An agent’s belief in a proposition, E0, is justified by an infinite regress of deferred justification just in case the belief that E0 is justified, and the justification for believing E0 proceeds from an infinite sequence of propositions, E0, E1, E2, etc., where, for all n ≥ 0, En+1 serves as the justification for En. In a number of recent articles, Atkinson and Peijnenburg claim to give examples where a belief is justified by an infinite regress of deferred justification. I argue here that there is no reason to regard Atkinson and Peijnenburg’s examples as cases where a belief is so justified. My argument is supported by careful consideration of the grounds upon which relevant beliefs are held within Atkinson and Peijnenburg’s examples.
This is a preview of subscription content, log in to check access.
Work on this article was supported by DFG Grant SCHU1566/9-1 as part of the priority programme “New Frameworks of Rationality” (SPP 1516). For helpful comments on an earlier presentation of this paper, I thank an audience at University of Düsseldorf. I also thank Ludwig Fahrbach, David Atkinson, Jeanne Peijnenburg, Ionannis Votsis, and an anonymous referee for Philosophia, for helpful comments on earlier drafts of this paper.
Aikin, S. (2008). Meta-epistemology and the varieties of epistemic infinitism. Synthese, 163(2), 175–185.CrossRefGoogle Scholar
Aikin, S. (2011). Epistemology and the regress problem. Abingdon: Routledge.Google Scholar
Atkinson, D., & Peijnenburg, J. (2009). Justification by an infinity of conditional probabilities. Notre Dame Journal of Formal Logic, 50, 183–193.CrossRefGoogle Scholar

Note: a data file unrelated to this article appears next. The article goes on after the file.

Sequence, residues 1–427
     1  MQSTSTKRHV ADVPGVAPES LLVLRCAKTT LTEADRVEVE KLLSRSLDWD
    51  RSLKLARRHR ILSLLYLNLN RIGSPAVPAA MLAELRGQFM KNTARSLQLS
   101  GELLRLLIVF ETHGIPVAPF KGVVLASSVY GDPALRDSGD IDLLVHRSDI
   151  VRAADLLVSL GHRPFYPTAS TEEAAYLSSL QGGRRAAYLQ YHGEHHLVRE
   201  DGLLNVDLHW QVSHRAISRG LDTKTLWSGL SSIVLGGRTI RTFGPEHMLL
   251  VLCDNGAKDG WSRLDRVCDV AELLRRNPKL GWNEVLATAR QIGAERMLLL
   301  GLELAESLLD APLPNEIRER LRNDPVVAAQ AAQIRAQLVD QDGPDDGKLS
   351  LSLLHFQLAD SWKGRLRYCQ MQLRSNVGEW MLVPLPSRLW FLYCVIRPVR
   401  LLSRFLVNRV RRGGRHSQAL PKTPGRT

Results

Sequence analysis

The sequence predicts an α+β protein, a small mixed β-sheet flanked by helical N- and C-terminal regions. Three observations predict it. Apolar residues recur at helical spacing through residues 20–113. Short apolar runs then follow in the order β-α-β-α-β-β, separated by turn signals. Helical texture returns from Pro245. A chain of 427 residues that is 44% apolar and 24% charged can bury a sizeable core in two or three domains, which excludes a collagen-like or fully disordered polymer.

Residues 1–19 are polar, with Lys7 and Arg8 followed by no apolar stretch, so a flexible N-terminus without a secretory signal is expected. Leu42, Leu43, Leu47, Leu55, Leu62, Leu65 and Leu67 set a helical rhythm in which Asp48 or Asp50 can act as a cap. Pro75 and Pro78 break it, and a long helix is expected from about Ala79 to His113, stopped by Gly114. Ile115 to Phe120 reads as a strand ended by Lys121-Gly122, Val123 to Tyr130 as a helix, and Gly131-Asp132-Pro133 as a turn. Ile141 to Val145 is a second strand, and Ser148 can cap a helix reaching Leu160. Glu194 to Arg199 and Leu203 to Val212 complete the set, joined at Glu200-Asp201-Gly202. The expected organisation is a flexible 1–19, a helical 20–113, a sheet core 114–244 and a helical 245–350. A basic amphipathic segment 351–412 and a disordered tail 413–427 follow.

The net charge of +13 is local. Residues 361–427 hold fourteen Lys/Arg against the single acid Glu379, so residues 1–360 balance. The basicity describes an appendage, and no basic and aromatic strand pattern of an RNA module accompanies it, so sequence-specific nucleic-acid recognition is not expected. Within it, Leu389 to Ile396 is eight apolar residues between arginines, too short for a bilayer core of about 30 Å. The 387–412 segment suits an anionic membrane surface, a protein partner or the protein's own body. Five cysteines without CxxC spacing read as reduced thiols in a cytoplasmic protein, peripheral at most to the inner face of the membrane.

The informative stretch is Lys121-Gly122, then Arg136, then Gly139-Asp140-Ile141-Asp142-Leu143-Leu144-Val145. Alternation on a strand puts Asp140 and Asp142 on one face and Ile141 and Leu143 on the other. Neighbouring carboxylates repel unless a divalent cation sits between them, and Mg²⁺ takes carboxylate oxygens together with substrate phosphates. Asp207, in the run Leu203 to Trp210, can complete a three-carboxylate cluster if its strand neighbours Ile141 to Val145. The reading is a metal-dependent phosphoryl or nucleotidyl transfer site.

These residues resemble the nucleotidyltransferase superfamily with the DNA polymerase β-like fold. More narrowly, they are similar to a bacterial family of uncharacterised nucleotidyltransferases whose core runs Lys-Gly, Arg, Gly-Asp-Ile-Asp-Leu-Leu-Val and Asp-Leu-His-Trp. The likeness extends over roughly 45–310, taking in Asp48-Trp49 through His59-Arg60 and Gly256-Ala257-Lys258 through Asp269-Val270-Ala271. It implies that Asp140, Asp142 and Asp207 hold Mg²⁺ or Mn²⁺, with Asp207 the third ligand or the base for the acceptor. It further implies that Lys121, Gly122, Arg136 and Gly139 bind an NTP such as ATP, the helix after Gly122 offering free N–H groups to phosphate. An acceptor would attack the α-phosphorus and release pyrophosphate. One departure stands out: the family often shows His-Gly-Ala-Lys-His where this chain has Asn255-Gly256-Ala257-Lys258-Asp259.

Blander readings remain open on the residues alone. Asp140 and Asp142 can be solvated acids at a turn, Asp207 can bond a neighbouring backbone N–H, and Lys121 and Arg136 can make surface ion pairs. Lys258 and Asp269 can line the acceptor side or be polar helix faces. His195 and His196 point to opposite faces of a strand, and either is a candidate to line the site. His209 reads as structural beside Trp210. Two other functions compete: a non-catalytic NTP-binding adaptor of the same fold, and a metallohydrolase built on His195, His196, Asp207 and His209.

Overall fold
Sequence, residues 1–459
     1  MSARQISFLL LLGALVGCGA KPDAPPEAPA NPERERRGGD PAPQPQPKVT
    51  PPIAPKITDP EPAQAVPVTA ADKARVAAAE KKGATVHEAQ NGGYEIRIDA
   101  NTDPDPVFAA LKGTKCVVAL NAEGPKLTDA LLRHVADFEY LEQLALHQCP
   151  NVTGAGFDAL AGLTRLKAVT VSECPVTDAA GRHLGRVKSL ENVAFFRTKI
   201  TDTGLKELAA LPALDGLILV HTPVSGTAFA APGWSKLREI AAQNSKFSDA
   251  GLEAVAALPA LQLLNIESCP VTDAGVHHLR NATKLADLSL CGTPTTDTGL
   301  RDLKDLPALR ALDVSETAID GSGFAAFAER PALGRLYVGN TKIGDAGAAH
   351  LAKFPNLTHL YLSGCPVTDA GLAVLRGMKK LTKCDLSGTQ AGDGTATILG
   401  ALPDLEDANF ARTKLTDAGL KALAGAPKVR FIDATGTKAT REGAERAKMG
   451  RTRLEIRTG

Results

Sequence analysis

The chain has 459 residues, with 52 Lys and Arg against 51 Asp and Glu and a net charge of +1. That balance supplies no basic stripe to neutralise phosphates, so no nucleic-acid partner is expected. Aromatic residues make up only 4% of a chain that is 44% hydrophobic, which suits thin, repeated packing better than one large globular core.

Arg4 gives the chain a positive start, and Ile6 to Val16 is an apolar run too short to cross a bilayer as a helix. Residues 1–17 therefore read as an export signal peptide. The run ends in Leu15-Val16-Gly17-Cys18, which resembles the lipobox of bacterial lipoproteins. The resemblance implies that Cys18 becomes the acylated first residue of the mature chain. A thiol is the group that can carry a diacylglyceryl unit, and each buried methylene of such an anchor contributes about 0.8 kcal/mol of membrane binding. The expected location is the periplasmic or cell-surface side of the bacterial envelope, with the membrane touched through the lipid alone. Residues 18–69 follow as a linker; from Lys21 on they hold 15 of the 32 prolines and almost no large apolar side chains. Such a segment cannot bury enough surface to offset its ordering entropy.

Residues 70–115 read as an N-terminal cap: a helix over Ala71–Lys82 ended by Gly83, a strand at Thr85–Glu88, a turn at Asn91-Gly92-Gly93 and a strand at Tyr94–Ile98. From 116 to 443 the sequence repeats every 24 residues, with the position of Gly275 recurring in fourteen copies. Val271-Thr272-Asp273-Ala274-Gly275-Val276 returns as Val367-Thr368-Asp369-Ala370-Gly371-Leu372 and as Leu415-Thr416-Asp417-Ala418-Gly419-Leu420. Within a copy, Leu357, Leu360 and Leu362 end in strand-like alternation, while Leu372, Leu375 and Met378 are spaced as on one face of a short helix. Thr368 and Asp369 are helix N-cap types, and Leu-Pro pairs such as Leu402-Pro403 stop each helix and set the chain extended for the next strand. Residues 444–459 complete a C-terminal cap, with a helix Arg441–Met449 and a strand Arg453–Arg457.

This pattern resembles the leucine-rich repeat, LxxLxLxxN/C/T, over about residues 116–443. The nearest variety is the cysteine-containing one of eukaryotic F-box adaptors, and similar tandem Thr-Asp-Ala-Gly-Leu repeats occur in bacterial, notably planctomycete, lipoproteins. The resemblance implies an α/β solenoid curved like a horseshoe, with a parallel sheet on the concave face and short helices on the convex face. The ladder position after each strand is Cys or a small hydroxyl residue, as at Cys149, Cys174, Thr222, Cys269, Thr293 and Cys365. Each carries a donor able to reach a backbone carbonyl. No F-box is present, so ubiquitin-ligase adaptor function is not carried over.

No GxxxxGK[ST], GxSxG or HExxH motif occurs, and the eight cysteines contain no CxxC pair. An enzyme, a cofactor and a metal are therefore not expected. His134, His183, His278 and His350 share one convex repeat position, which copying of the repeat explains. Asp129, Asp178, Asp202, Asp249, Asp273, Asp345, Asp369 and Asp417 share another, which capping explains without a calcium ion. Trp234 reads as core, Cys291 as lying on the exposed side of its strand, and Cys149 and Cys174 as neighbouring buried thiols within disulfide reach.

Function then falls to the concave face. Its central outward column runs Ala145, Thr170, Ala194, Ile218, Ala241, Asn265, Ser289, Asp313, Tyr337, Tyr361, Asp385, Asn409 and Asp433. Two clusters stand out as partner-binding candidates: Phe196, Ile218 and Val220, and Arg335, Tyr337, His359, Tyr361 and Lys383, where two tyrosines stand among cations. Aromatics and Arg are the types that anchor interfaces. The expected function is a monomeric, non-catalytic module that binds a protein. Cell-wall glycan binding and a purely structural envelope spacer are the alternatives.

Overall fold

Dancy, J. (1985). Introduction to contemporary epistemology. Oxford: Blackwell.Google Scholar
Gillett, C. (2003). Infinitism Redux? Philosophy and Phenomenological Research, 66, 709–717.CrossRefGoogle Scholar
Klein, P. (1998). Foundationalism and the infinite regress of reasons. Philosophy and Phenomenological Research, 58, 919–925.CrossRefGoogle Scholar
Klein, P. (2007). Human knowledge and the infinite progress of reasoning. Philosophical Studies, 134, 1–17.CrossRefGoogle Scholar
Moser, P. (1985). Whither infinite regresses of justification? Southern Journal of Philosophy, 23, 65–74.CrossRefGoogle Scholar
Peijnenburg, J., & Atkinson, D. (2013). The emergence of justification. The Philosophical Quarterly, 63(252), 546–564.CrossRefGoogle Scholar
Peijnenburg, J., & Atkinson, D. (2014a). Can an infinite regress justify everything? In J. Turri & P. Klein (Eds.), Ad infinitum: new essays on epistemological infinitism (pp. 162–178). Oxford: Oxford University Press.CrossRefGoogle Scholar
Peijnenburg, J., & Atkinson, D. (2014b). The need for justification. Metaphilosophy, 45(2), 201–210.CrossRefGoogle Scholar
Post, J. (1980). Infinite regresses of justification and of explanation. Philosophical Studies, 38(1), 31–52.CrossRefGoogle Scholar